How To Speed Up Delete Row Loops
How do you speed up a loop that deletes rows?
Deleting rows based on some criteria is something you will do all the time with VBA. Seriously — the scenarios are endless:
Delete rows where the cell value is blank
Delete rows where the cell value is less than some number
Delete rows where the cell value is less than a certain date
Delete rows where the cell value is …
Being the sharp VBA writer you are, you already figured out that you have to loop backward too! (Author confession: the number of times I have incorrectly looped forward and watched my
For...Next fail is embarrassingly high.)
Let’s say you are deleting rows based on blank cell values in a certain column:
DO NOT get hung up on the check against
vbNullString (blank) in that example — you might be checking for values in a column below a number threshold (like 50):
You might even be trying to delete rows where the date in a column is more recent than a certain day (like Feb 1st, 2013):
Regardless of the specific cell context you are trying to delete, the
For...Next loops above perform like shit! As your data files get bigger, your macro takes longer… and longer… and before long you’re waiting 15-20 minutes for all the cleanup. Let’s fix that by skipping the
For...Next loop altogether!
If you had to tackle this task by hand, how would you go about it? With Excel’s built-in filter, right? With VBA we can do exactly that… and compared to looping, the
Range.Autofilter method is ludicrous speed!
Let’s see how it’s done:
Here’s a link to the code above so you can review it side-by-side with the walk through below. Right-click, “Open in new window”.
More lines of code? Absolutely — no debate there. But a huge performance improvement? You bet.
Let’s walk down the code above in the context of the 4-step VBA process:
Step 1 – Setup
Step 2 – Exploration
Step 3 – Execution
Step 4 – Cleanup
Lines 4-9 handle the Step 1 – Setup. The majority of the section is dimensioning variables, but on Line 9 we do a little up-front work and assign
wksData to the
Worksheet we will be modifying.
Lines 12-22 are the Step 2 – Exploration. First, we identify the last-occupied row and last-occupied column, using
lngLastCol to hold the values. Then, using that info, we create a
Range variable called
rngDataBlock to store the full block of data.
Lines 25-30 cover our Step 3 – Execution, and even though this section is short there is actually a TON of stuff going on, so let’s walk through it very slowly.
With rngDataBlock...End With to manage context here and shave a ton of extra typing off these statements. Every time you see a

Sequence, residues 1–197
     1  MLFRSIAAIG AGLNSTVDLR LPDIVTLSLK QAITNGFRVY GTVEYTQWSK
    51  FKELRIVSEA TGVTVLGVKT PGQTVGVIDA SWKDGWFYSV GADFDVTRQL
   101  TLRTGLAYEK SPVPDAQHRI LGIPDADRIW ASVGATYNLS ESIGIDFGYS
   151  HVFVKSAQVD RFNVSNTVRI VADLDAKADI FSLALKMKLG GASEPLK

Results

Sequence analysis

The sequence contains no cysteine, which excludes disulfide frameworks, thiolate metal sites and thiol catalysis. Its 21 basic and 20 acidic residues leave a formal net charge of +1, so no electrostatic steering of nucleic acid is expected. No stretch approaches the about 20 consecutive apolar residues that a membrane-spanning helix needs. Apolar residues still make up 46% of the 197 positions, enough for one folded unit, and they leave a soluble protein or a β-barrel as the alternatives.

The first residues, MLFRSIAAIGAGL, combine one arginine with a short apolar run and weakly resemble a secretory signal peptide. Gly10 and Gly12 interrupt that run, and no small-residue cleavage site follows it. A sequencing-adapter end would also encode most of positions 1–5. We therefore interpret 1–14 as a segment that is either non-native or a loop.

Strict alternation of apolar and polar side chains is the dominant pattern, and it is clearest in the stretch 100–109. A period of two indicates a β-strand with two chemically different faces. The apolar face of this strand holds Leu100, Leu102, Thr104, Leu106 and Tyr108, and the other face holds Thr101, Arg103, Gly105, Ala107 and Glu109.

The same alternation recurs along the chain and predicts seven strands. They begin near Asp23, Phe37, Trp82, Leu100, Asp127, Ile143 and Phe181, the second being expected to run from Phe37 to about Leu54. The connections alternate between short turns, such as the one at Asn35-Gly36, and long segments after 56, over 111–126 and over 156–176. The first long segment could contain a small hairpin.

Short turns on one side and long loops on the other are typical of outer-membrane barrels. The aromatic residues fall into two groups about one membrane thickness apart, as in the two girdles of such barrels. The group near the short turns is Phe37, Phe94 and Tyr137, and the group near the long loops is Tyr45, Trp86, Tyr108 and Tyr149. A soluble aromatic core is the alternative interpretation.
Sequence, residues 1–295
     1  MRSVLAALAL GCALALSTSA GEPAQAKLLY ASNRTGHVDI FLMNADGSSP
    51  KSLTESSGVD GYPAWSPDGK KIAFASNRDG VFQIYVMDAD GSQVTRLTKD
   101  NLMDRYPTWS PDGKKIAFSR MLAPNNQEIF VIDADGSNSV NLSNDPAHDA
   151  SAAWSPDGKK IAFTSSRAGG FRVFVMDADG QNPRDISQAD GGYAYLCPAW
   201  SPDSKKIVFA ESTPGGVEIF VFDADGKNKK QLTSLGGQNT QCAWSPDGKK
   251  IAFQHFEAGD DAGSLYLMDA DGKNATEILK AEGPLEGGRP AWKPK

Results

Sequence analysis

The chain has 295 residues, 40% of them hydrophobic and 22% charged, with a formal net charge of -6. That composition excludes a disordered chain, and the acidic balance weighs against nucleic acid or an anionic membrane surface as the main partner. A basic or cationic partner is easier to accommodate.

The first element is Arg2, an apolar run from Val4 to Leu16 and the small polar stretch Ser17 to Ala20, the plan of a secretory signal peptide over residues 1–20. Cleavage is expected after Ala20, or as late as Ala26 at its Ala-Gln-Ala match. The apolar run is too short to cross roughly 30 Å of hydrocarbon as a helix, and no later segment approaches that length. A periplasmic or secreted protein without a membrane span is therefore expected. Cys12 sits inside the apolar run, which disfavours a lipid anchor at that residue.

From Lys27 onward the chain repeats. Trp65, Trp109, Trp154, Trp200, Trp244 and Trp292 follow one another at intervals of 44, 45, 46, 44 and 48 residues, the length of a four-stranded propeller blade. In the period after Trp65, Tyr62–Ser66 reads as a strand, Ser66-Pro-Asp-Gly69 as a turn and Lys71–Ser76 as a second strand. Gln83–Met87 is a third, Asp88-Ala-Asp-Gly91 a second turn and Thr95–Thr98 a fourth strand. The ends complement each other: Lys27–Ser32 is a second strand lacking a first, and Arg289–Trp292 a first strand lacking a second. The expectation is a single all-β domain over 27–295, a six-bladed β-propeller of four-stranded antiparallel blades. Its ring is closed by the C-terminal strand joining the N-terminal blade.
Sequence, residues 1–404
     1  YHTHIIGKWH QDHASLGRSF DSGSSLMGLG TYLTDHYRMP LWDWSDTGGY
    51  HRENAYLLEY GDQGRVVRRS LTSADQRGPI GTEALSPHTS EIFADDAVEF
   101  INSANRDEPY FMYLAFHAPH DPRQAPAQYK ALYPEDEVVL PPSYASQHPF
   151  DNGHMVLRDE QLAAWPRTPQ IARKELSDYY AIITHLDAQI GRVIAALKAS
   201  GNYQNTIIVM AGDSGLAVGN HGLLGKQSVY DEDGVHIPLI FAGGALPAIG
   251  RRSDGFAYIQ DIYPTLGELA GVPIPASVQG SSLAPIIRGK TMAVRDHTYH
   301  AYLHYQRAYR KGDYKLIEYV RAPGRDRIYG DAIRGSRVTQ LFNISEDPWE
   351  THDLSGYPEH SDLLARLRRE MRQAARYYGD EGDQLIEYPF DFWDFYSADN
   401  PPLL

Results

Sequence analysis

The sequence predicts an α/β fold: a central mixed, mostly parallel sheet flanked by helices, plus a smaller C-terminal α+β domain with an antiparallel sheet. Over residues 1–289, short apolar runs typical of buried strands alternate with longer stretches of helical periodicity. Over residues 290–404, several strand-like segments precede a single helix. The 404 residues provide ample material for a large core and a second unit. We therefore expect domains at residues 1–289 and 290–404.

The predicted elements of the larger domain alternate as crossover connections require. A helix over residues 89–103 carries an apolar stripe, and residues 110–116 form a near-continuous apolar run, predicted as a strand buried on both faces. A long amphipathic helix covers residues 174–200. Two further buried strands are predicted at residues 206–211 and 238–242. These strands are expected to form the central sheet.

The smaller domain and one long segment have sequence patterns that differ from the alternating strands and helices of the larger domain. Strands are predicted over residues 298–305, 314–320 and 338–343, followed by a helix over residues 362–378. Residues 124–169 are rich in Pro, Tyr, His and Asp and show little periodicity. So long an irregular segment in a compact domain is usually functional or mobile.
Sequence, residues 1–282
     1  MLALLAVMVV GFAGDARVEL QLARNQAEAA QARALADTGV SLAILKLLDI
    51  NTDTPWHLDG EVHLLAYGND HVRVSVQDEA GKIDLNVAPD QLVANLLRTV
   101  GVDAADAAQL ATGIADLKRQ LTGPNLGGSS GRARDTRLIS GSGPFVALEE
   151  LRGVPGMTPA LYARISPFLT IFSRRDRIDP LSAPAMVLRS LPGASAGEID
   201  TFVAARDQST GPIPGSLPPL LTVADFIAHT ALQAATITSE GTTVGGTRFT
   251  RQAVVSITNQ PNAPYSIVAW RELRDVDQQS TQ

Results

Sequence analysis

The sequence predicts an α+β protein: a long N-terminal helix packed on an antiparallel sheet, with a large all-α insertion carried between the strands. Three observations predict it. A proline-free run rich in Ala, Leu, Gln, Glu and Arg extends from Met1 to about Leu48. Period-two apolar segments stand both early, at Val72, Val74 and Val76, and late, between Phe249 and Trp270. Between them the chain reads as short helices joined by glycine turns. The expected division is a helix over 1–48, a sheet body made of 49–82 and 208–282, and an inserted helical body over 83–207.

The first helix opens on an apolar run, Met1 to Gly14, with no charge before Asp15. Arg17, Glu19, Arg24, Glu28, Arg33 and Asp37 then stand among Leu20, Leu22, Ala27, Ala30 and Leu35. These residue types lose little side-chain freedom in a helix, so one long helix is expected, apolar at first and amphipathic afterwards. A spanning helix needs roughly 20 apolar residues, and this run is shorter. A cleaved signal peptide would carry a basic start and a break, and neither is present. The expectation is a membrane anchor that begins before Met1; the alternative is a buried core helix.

With Thing...End With, you know that the enclosed methods (like
.AutoFilter in this case) are applied to
Thing (which is
rngDataBlock in our example).
On line 27, we’re using the
.AutoFilter method with two inputs:
Criteria1. So what the heck are
Fieldis the column number you’d like the filtering to happen on. In this case, we’re looking at column A, but it could just as easily be column B (
Field:=2) or column Z (
Criteria1is the filter logic applied to the column you specified in
Fieldabove. Here, we are looking for empty cells by checking if the cell equals
Line 28 does a lot of work, so the following .gif breaks it down step by step:
Here’s that breakdown again:
.Offset(1, 0): shift the
Rangedown one row
.Resize(.Rows.Count - 1): adjust the
Rangeto cover everything the original
Rangecovered but short by one row (since we are saving our header row)
SpecialCells(xlCellTypeVisible): adjust the
Rangeto only include cells that are visible, i.e. those that have NOT been filtered by the
.Rows: adjust the
Rangeto cover the full rows from each of the visible cells
.Delete: delete the visible
Finally, lines 33-38 handle our Step 4 – Cleanup, by turning off the
AutoFilter safely. And that’s it!
Suppose you wanted to remove rows where the cell value was less than a numeric threshold, like 50? Easy peasy! just change the
Criteria1 value on Line 27 like so:
Or maybe you’re considering dates, and you only want to keep dates that are older than a certain day (like Feb 1st, 2013)? Another easy change to our friend
Now that you understand how to use
Range.AutoFilter to delete rows rather than a loop, your macros will be WAY faster!
Is your delete-rows-based-on-column-criteria subroutine speedy as heck? If not, let me know and I’ll help you get what you need! And if you’d like more step-by-step, no-bullshit VBA guides delivered direct to your inbox, join my email newsletter below.
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